The fact that we have embedded analyst estimates for profitability for this year, next year and 3-5 years out (when available) for our long-term forecasts means that we are less impacted by this condition than what is depicted on the right.

Bottom Line

I think it’s clear that we’d want a forecast for CHD that is essentially between the VL 3-5 year forecast and the exponential regression shown on the left image. It’s probably also clear that for a profitability profile like the one on the left, the trailing average forecast is going to consistently produce a lagging forecast.

Remember the example of margin expansion by Coca-Cola over the years cited by Steve Sanborn. It’s simply a reality that profitability characteristics shape and evolve over the life cycle of all companies.

The moving average forecast method really only works (accurately) for mature stocks with relatively constant profit margins.

The problem is that there aren’t very many companies that fit this description. Our database includes a forecast algorithm that essentially smoothes and weights the more recent years. When we use this method for Church & Dwight, our 5 year net margin forecast aligns very closely with Value Line’s 3-5 year construct. We checked about (50) more companies — and those forecasts that we snickered and guffawed about — all checked out very closely.

We may owe the Value Line analysts an apology.

We will begin infusing this method with updates going forward until the entire database (at Manifest Investing) is converted.

Just Like Home …

This Expected Returns cover story from April 2009 underscores the things that really matter during bear markets, corrections and recessions.  We were reminded at the time to focus on high-quality opportunities with vigilance for upstart, promising companies ratcheted up.  If you’re curious about our work at Manifest Investing and the resources we provide for long-term investors, and interested in a FREE 90-day test drive, let me know via … for now, may your investing brackets be “nothing but net.”

The stock market madness of early March has given way to a rally that at least delivers welcome respite from the cascading decline we’ve experienced for several months.

Triple Play: A Measure of Opportunity. History suggests that the discovery of companies poised with Triple Play characteristics can lead to rewards. We’ve leaned on Nicholson’s Triple Play concept often since the 4th quarter of 2008, citing potential impact on our shopping efforts. Finding companies with the prospects of potential profit margin and P/E expansion seems prudent. Combining that potential with high-quality companies exhibiting out-sized PARs could deliver a measure of success and shining moments for our portfolios going forward.


March Madness now extends into April as the NCAA basketball championships bring the current season to a close. And the stock market madness of early March has given way to a rally that at least delivers welcome respite from the cascading decline we’ve experienced for several months. In the movie ‘Hoosiers’, there’s a classic scene where Gene Hackman, coach of the underdogs from a very small town, leads the boys into the championship venue for their pregame practice. He hands a tape measure to the anxious players and urges them to confirm that the hoop is 10 feet above the floor … just like home … and the free throw line, 15 feet … just like home.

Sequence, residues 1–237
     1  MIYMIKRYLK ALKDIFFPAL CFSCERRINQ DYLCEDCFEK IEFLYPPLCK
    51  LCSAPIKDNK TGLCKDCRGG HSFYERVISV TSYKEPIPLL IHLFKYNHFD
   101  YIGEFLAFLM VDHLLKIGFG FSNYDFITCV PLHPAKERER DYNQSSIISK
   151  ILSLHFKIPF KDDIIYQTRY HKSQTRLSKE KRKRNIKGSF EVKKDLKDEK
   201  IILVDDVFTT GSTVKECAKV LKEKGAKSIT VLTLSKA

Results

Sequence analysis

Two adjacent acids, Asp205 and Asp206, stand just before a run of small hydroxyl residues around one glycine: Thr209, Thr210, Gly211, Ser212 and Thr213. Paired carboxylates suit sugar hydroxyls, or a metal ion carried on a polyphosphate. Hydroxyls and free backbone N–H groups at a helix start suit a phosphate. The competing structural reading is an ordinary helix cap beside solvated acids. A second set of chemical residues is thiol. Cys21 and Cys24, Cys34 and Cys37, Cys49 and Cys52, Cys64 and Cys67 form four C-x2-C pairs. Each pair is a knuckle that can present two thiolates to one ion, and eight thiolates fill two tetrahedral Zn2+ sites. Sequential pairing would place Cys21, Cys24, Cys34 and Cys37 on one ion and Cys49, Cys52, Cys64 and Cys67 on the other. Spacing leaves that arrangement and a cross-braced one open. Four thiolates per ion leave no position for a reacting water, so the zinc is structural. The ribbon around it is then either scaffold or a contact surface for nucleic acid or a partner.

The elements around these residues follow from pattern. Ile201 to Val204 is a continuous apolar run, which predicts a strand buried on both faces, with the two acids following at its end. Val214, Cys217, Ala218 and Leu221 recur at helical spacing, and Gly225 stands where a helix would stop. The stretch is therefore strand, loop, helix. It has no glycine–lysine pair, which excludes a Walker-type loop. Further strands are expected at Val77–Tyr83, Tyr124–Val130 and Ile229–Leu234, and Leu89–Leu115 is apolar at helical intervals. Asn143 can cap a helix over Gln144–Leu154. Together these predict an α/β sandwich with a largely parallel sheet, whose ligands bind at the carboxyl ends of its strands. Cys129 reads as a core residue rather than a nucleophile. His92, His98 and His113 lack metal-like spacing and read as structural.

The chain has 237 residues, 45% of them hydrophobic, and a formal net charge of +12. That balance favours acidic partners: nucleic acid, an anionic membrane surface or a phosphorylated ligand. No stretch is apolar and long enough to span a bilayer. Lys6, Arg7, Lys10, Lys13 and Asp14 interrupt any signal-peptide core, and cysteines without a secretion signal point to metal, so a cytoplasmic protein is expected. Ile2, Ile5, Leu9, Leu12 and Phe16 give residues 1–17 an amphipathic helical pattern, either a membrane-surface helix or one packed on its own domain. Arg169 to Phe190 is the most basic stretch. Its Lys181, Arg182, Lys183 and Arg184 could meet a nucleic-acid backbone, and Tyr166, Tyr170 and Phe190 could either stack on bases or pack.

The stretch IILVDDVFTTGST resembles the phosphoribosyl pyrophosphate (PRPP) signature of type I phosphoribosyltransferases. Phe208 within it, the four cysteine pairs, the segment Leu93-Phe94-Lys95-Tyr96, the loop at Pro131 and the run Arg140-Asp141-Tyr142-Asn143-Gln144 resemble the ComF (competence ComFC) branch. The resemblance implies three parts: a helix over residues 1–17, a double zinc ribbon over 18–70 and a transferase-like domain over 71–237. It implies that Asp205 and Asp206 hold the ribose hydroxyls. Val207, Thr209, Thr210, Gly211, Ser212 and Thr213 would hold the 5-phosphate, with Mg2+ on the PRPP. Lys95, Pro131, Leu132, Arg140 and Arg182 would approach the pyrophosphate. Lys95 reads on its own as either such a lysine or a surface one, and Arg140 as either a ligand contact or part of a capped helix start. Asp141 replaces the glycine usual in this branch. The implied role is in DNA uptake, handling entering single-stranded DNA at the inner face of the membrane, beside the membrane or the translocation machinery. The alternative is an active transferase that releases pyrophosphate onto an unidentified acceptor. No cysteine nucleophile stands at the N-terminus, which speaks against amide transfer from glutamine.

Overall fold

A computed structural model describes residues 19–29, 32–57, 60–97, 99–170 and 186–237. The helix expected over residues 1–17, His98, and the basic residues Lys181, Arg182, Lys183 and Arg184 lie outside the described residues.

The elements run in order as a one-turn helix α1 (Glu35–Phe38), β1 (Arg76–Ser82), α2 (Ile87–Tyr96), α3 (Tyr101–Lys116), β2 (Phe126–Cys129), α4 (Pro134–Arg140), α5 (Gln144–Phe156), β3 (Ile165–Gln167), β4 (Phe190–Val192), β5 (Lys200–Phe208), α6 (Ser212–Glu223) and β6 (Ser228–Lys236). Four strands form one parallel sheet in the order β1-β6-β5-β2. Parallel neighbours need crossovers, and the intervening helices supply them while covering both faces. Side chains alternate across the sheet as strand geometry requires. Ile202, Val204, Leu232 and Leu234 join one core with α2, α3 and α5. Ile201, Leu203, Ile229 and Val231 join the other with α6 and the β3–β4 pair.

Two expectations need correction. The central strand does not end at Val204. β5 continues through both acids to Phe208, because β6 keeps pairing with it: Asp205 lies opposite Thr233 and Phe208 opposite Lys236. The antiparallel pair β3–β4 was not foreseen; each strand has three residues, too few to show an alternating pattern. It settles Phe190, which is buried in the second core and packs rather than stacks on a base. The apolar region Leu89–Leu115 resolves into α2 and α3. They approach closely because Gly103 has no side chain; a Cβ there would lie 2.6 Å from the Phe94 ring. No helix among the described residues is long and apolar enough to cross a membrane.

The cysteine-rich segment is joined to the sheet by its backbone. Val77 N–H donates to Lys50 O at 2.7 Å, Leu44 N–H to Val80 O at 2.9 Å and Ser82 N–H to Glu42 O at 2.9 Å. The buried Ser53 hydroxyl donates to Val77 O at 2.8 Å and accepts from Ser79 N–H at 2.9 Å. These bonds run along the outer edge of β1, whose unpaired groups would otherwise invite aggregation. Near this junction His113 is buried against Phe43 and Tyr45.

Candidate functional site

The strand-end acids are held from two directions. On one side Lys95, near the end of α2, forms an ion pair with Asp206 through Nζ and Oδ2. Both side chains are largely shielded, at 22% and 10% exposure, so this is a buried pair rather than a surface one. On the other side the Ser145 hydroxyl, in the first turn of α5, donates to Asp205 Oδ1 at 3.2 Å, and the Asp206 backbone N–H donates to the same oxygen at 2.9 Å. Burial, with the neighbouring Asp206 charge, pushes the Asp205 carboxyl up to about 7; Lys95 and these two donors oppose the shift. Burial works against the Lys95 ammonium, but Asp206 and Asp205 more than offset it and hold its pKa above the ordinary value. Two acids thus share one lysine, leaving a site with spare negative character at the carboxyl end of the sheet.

From “Just Like Home” …

As many of you know, we’ve discovered that NAIC/BI co-founder, the late George Nicholson, focused his attention on “the next bull market” during the dreadful bear market of 1973-74. As we studied his writings at the time, we learned that he looked back to the lessons of the 1937-38 bear market — days when he was launching a successful career and lifetime of successful investing.

He believed that the challenges and opportunities of 1973-74 were similar to conditions last seen in 1937-38 complete with year-over-year 50% declines in automobile sales (sound familiar?) and a variety of economic ailments related to scarcity of commodities and mischievous behavior in the banking and investing sectors, etc. He developed a set of criteria — intended to seek opportunities just like “home.”

Although we can’t be certain, I can imagine that he saw it as a sort of antidote to the poisonous paralysis that afflicts so many of us as stock prices decline. In fact, Nicholson “pleaded” with investment clubs to commit to decisions during early 1975 — citing a recent 80% gain in Coca-Cola over a span of less than six months as evidence that prices could and often do, move in sudden spurts. (The stock price of Coca-Cola proceeded to languish for the next 5-6 years.) If you missed the autumn 1974 opportunity to own the Real Thing and waited a few months before committing, your experience was considerably less rewarding.

… to “Shining Moments”

CBS Sports features the song ‘One Shining Moment’ to encapsulate the highlight reel celebrating the coronation of this year’s champion.

Nicholson shared that some of the best shining moments of a lifetime of successful investing could be traced to the elements of his Triple Play concept. Here are the three features that qualify a stock for Triple Play status: (1) A depressed stock price. Think elevated projected returns. (2) A potential for P/E expansion over a 5-year time horizon and (3) A potential for profit margin expansion. Such stocks are most frequently found at the end of a long bear market.

“I have been investing in Triple Play situations during 1973-74 in preparation for the next bull market. If past performance is any guide, the performance should exceed [stock market returns] by a wide margin.” — George Nicholson.